Step aside, ladies. For nearly five decades, the men of rock have been at the forefront of distinct music — and fashion.
They jump, they jive and some of them even get jiggy with it. They’re the men of rock and for nearly 50 years, they’ve been setting standards in both music and fashion.
It started in the Fifties, when most Americans would have considered these young rock ’n’ rollers clean cut. They all wore suits, after all, including the king himself, Elvis Presley, who came on the scene in 1956. But when he swiveled his hips and slicked back his hair, the rock star was born. Over two decades, he morphed from denim-clad rebel-rouser to sexy black-leathered stud to finally, a bejeweled Vegas spectacle. All along, the kids listened, looked and followed.
Among them were four lads from Liverpool who would in turn revolutionize music’s look and sound. When The Beatles hit it big in 1964, closely followed by The Rolling Stones and The Who, their uniform was strictly mod: skinny suits, Chelsea boots and mop tops. But as their music evolved, so did their look: psychedelic Savile Row; Nehru jackets with mystic beads and ultimately, on the eve of the Seventies and their breakup, understated clothes for life outside the spotlight.
Meanwhile, Americans Jimi Hendrix and Jim Morrison made the girls swoon with their overt sexuality.
While Hendrix favored plush velvet jackets, boas and unlaced poet shirts, Morrison usually strutted his stuff in not much more than tight leather pants and metal belts.
In the Seventies, nothing was too much. David Bowie carefully crafted his glam image from one album to the next, first perfecting an androgynous and galactic singer before moving onto staid, albeit finely tailored, fare. "I’m quite fickle when it comes to dressing," Bowie told W, WWD’s sister publication, in 1976. "So I guess it does seem that I’m always changing collar styles and haircuts mid-sentence."
At the same time, the tight white polyester suits synonymous with disco rocketed into popularity. But just as quickly, they disappeared. Enter The Sex Pistols and their constricting pants, chains and controversial tattered T-shirts. "They were clothes to look uncomfortable, perhaps unattractive, even dangerous in. But ultimately, very sexy in," said ex-manager Malcolm McLaren, who with designer and then partner Vivienne Westwood, masterminded each Pistols outfit down to the smallest puncture and zipper. "That anti-fashion look empowered a generation," he added, "to feel that failure is almost a noble pursuit and then you feel powerful because it means you’re free."And to this day McLaren swears that punk was about fashion, not music. "Punk rock was all about the look."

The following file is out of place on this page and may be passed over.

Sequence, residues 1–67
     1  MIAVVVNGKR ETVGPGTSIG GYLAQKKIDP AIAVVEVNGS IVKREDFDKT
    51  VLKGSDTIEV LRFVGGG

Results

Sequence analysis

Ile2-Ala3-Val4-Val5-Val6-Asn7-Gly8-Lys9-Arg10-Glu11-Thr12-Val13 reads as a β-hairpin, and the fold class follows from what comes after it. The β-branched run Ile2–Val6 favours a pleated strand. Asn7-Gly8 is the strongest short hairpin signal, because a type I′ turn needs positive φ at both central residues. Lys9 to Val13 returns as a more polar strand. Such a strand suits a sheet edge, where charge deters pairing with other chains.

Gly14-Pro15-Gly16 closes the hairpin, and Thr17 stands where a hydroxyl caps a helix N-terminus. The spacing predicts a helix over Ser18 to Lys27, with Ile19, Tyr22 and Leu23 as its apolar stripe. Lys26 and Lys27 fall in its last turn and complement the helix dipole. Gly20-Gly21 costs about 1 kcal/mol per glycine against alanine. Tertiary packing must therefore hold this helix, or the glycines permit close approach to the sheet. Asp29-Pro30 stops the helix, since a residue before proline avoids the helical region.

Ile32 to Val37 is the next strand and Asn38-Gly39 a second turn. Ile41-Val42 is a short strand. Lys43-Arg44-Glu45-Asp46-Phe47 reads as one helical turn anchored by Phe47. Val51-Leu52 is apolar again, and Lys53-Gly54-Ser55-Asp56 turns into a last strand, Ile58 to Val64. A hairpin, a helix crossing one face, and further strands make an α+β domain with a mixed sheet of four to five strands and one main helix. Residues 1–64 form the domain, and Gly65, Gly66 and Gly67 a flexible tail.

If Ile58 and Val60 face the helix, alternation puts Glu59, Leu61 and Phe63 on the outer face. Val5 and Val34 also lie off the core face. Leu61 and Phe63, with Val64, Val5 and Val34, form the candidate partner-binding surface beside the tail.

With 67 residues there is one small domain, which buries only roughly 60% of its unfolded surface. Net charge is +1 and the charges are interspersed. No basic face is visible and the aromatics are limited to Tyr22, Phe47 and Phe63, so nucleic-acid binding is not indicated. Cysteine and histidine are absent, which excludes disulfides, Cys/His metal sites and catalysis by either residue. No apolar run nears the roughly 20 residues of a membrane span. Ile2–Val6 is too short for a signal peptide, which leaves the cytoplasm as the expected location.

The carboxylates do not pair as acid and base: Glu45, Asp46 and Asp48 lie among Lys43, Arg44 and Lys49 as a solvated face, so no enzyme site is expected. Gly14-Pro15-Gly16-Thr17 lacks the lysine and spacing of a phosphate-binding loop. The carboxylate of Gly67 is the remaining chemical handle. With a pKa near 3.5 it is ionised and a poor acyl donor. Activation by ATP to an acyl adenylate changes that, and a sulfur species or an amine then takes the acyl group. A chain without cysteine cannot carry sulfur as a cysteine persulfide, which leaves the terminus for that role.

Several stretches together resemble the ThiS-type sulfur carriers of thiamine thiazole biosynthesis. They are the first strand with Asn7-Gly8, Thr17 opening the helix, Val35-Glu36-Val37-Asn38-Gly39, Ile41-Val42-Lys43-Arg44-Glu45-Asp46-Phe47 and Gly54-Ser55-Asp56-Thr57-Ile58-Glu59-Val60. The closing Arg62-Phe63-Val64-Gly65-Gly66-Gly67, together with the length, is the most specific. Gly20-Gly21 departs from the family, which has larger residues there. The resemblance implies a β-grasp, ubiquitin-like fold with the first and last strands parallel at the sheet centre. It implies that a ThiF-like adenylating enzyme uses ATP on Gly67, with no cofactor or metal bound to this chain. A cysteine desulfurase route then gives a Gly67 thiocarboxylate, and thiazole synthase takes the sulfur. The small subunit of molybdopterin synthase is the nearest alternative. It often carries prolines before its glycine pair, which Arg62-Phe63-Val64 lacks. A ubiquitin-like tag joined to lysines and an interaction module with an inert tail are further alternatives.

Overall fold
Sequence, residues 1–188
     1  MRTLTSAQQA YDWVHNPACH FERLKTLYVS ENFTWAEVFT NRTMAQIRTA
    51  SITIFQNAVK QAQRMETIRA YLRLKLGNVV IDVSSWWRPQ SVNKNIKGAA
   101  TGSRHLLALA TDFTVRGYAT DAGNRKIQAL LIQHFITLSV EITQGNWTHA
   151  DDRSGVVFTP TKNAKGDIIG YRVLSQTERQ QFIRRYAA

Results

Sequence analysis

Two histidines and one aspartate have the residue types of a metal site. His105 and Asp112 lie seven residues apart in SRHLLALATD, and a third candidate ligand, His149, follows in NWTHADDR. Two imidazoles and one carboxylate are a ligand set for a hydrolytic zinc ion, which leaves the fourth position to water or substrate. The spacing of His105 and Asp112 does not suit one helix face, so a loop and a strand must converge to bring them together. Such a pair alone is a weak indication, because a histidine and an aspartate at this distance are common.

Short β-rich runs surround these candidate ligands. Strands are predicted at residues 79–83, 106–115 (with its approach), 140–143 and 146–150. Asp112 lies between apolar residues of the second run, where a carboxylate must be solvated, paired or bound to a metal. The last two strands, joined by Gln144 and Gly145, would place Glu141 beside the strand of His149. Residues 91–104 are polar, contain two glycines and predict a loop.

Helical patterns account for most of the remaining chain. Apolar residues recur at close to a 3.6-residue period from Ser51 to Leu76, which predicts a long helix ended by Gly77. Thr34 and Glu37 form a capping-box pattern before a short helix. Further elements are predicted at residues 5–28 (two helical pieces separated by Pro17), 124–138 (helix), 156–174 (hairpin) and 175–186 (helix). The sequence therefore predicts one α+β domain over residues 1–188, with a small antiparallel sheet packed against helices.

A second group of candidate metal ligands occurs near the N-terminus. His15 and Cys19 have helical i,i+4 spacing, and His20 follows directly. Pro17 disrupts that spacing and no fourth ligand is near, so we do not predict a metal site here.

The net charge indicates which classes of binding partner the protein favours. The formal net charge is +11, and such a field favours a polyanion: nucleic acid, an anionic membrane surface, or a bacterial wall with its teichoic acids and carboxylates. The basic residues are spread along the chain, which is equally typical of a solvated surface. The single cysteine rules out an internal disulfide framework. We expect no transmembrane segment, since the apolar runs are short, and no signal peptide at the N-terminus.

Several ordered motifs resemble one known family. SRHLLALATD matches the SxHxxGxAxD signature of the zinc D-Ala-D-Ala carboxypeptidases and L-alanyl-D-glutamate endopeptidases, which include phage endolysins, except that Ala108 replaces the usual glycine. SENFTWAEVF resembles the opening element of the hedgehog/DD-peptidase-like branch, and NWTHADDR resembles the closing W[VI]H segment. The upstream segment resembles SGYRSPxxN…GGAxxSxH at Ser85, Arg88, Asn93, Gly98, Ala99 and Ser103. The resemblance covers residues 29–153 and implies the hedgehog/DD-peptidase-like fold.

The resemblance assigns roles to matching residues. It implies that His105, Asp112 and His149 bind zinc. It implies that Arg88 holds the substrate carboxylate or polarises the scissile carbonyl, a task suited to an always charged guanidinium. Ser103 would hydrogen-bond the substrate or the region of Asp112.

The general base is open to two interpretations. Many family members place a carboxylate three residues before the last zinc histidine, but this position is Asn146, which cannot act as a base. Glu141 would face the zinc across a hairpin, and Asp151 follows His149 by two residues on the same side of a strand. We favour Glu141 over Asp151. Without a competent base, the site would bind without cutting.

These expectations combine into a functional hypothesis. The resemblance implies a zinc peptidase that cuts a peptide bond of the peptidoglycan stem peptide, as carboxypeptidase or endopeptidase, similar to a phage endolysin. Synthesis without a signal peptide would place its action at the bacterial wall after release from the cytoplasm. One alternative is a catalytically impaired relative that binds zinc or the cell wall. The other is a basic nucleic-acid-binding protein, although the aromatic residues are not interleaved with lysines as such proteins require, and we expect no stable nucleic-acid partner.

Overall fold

The statement is true for other rock genres, too, in light of the Eighties and its hyper-styled acts. By then, established new wavers Elvis Costello and David Byrne were known for their geek-chic spin on classic suits. Rappers unlaced their Adidas sneakers and loosened their sweatshirts while "hair bands" like Bon Jovi and Whitesnake decked themselves in spandex jeans and chest-baring vests. With ruffled shirts and strong-shouldered jackets to match hit after hit, Prince was crowned the new poet of pop. And once he outgrew his squeaky-clean Jackson Five persona, Michael changed into a one-gloved icon before slipping into a mutated military style.
Now it seems that every major music trend is a direct counterreaction to the previous one. The decadent late Eighties segued into the thermal tops and plaid shirts of the grunged-out early Nineties, best illustrated by Kurt Cobain and Nirvana. But when Cobain committed suicide in 1994, kids were ready for something lighter. This meant the era of pre-fab boy bands and all their over-stylized designer duds, when names like Timberlake are linked with names like Versace and Gucci. And today, the lines between fashion and rock are further blurred with such megastars as Sean "P. Diddy" Combs, whose men’s wear line Sean John is conquering the catwalks. His own influences include Ralph Lauren, Madonna and David Bowie. But when it comes down to looking like a rock star, he said, "It’s not about style — it’s about lifestyle."
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